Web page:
GREAT ESCAPES by David--Ed. Howarth

GREAT ESCAPES

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KIRKUS REVIEW

Houdini has no home here--these are escapes from human enemies by prisoners of war, and from what Mr. Howarth calls ""circumstances"" by men trapped in jungle and ice, on mountain and sea. More than half of the twelve stories are extracts handicapped by inadequate capsule introductions or by unduly abrupt cut-offs; yet among these are two classics (Churchill's flight from the Boers and Byrd's ""Alone in the Arctic"") and two off-beats of note: ""A Hundred Chinese Children"" led to safety by Alan Burgess' Small Woman and ""The King's Escape"" as dictated to Samuel Pepys by Charles II of England. The rest are survival stories like Jennings' ""Ocean Without Shores"" and other predictable boys' fare including Larry Forrester on fighter-pilots and Howarth's own submarine disaster, Whymper's ""Escape from the Matterhorn"" and Millar's ""Escape in Korea"" (which appears in Scoggin's anthology). Small print and only moderately chilling.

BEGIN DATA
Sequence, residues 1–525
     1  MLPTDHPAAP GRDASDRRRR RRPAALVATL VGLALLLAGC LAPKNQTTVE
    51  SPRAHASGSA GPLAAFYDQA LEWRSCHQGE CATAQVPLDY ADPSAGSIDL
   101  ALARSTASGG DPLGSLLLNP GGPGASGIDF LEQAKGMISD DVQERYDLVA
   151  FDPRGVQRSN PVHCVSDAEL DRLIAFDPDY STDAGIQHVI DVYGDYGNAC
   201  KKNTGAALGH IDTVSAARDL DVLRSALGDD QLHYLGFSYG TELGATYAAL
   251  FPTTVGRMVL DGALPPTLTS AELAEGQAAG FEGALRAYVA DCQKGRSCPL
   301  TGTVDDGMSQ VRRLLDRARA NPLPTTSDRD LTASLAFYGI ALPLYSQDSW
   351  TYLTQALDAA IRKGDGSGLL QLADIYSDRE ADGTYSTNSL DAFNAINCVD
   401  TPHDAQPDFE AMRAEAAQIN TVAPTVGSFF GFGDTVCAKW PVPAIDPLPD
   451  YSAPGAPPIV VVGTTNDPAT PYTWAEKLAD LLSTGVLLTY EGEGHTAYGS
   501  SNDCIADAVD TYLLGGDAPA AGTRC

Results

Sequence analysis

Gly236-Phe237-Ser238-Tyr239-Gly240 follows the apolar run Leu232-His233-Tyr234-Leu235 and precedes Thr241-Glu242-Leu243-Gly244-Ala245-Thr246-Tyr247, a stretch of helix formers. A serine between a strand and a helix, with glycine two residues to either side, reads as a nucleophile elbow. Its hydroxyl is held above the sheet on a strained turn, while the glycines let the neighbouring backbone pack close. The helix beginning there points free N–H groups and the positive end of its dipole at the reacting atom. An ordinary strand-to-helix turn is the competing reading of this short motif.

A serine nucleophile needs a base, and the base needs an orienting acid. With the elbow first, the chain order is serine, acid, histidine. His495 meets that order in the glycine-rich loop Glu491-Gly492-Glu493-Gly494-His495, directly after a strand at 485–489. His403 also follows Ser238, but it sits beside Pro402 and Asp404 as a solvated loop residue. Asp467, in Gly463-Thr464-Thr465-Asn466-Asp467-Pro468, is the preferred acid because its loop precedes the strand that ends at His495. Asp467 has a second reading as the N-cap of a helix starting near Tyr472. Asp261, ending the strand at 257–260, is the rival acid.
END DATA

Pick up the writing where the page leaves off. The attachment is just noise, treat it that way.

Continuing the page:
Pub Date: Oct. 30th, 1969
Publisher: David White